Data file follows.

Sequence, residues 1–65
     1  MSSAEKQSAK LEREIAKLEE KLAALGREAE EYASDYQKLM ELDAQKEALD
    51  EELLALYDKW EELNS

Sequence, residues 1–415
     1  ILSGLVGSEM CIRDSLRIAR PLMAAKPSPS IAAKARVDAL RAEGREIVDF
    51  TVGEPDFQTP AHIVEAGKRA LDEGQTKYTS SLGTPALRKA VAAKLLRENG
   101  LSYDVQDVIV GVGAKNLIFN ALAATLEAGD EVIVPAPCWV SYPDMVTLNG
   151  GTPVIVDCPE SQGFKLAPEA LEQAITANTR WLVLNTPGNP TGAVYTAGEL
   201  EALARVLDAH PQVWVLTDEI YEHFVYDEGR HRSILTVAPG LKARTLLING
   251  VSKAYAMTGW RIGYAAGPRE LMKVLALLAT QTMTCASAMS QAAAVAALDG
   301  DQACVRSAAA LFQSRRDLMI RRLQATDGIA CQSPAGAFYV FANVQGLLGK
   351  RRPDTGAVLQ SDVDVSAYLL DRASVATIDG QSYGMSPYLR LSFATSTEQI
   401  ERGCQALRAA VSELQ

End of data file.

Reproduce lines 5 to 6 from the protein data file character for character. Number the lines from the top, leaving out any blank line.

     1  ILSGLVGSEM CIRDSLRIAR PLMAAKPSPS IAAKARVDAL RAEGREIVDF
    51  TVGEPDFQTP AHIVEAGKRA LDEGQTKYTS SLGTPALRKA VAAKLLRENG